Whereas all the existing characters on the roster will experience their clothing get more and more destroyed as they take damage, wear-and-tear is all but missing from your custom character. Even though you can wear many of the same outfits as the main cast, your clothes just get dirty. Since so many of the outfit choices are pieces from the roster, it would have been nice to have the same damage shown on your custom character’s outfit too.
What I found especially disconcerting was the lack of any real facial animation on the character creator characters from the mouth up. Whether it is during a large final attack, an emotional cutscene, or walking around the central hub, your character will retain the same expression, and without the ability to change the eyes on your creation (one of the very few aspects you can’t change whenever you wish) it can make for many awkward scenes. In my case, my choice of eyes to try and give the vibe of a distant bad-ass turned out just making him look like an emotionless doll that just would stand there during cutscenes. I found it even more out of place during many ultimate attacks, many which zoom close and focus on the character’s face. Goku’s Super Spirit Bomb, which would normally feature a screaming Goku with a strained expression, is instead done by someone with a blank stare.
Some of the characters look markedly better than others, usually being those that have more normal human proportions. These are characters like Yusuke or Ichigo, while others, especially the Dragonball cast, look… not as good.
Animations are also in a bit of a rough state with navigating through the hub area being the worst offender. The running animation is jittery and done in what I think is supposed to be an exaggerated anime style but instead comes off as just odd. Your character will move slightly before you actually look like you are running due to the strangely long lead up between your characters stationary state and their movement animations. Luckily, the animations in combat fair better with only the occasional questionable transition between animations and strange movements.
Combat happens in an open arena with two teams of three fighters battling it out in over-the-top anime style, with each team’s three combatants sharing a single health bar. Fights play out and control very similarly to other arena fighters in Bandai Namco’s library with players having access to a light and heavy attack, a throw, block, a dash move to close the distance or get out of pressure, a jump, a charge button that lets you fill special gauge, access to four special attacks including an ultimate attack, and then a transformed powered-up state.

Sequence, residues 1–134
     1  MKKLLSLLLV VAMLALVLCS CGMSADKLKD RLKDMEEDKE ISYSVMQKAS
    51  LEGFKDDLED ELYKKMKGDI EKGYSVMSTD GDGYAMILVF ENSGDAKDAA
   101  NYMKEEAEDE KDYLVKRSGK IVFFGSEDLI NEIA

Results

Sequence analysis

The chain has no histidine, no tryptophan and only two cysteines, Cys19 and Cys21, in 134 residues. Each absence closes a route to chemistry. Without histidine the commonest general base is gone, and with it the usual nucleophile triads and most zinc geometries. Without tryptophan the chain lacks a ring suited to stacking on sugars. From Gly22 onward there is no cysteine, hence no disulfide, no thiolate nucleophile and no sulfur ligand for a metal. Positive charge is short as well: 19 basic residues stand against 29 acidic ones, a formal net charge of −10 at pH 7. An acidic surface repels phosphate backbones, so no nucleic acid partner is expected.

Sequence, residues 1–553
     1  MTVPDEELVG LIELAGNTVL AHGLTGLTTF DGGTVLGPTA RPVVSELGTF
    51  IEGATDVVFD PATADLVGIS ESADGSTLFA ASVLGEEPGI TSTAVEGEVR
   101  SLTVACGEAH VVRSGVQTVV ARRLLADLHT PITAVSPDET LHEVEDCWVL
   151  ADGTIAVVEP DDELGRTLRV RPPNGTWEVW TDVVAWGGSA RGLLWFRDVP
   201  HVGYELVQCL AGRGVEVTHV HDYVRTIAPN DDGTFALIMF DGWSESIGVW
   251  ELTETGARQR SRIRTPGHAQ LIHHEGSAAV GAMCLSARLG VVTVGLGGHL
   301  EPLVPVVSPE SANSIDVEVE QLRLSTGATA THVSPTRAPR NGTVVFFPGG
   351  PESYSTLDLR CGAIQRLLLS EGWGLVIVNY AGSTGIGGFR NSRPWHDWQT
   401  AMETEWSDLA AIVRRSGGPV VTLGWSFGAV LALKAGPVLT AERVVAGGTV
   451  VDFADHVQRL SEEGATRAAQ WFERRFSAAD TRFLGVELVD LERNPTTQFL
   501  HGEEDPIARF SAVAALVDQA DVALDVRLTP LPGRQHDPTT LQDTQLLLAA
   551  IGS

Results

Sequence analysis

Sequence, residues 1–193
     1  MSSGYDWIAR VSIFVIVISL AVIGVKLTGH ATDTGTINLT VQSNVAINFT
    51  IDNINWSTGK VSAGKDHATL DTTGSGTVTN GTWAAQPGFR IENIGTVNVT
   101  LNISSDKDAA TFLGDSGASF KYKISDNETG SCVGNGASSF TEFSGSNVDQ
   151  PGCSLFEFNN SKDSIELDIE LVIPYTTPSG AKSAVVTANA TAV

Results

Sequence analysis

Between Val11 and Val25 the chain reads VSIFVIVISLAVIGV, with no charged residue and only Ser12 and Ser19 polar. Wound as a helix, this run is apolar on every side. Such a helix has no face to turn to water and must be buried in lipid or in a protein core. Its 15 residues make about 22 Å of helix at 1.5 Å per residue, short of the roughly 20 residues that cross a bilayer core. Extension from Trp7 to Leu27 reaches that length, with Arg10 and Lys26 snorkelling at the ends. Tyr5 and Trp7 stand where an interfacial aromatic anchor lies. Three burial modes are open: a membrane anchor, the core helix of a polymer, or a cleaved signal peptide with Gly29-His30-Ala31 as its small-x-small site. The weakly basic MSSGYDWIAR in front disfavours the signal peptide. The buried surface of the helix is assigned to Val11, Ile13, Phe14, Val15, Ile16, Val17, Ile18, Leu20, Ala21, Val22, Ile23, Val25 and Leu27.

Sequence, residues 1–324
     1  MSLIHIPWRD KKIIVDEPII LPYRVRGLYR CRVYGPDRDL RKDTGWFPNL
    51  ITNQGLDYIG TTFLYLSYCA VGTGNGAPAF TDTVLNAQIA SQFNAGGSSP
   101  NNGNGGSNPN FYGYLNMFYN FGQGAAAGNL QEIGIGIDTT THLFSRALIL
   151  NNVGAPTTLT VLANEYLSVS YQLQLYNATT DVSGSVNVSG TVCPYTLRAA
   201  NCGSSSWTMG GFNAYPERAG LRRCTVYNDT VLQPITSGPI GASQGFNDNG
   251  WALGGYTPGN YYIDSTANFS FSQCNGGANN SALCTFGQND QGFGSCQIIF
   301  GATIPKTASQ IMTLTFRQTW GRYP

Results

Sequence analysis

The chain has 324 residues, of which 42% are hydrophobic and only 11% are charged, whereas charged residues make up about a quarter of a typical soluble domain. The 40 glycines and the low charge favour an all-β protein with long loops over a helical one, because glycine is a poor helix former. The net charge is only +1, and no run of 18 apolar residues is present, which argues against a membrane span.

While the combat itself is on the simpler side, the complexity comes from the added abilities and buffs that you can add to your attacks that can make all the difference. From increasing the damage, applying debuffs to the enemy when a specific attack hits or buff your own stats as examples. Decisions like these help mix things up when playing against friends or random players online in the game’s multiplayer modes. You will need all the help you can get to differentiate your characters from your foes because should you both have been playing the same character, there is no real discernable difference their appearances to tell whose is whose. No alternate color schemes or costumes for characters. This omission is particularly glaring in such a visually chaotic battlefield once battles get underway, and you can easily get mixed up as to which character you are controlling.
As a fan who grew up with many of these anime, I was really hoping to like this game more than I find myself doing. From the roster, the character creator, and just the concept of what Jump Force is as a celebration of Jump’s history, the end product is not greater than the sum of its parts. For each fun moment I had, it was marred by rough and unpolished animations or mechanics. The character creator, while you have many options available to you, are pricey to purchase and whose faces simply can’t express emotion. The roster is large at launch but unless you like the big three franchises of Jump, then you will be unimpressed by almost half the cast. Examples like these just pop up in all areas of the game, and at the end of the day, I’m just left feeling …underwhelmed. Making me wish we could get a sequel to Jump Ultimate Stars that blessed the Nintendo DS in Japan. It will be interesting to see what Chunsoft adds to Jump Force with the DLC packs, but as it stands right now unless it is incredibly impressive, I don’t see myself jumping back into this one.
This game was reviewed on a PlayStation 4 Pro system with a retail copy provided by the publisher, Bandai Namco.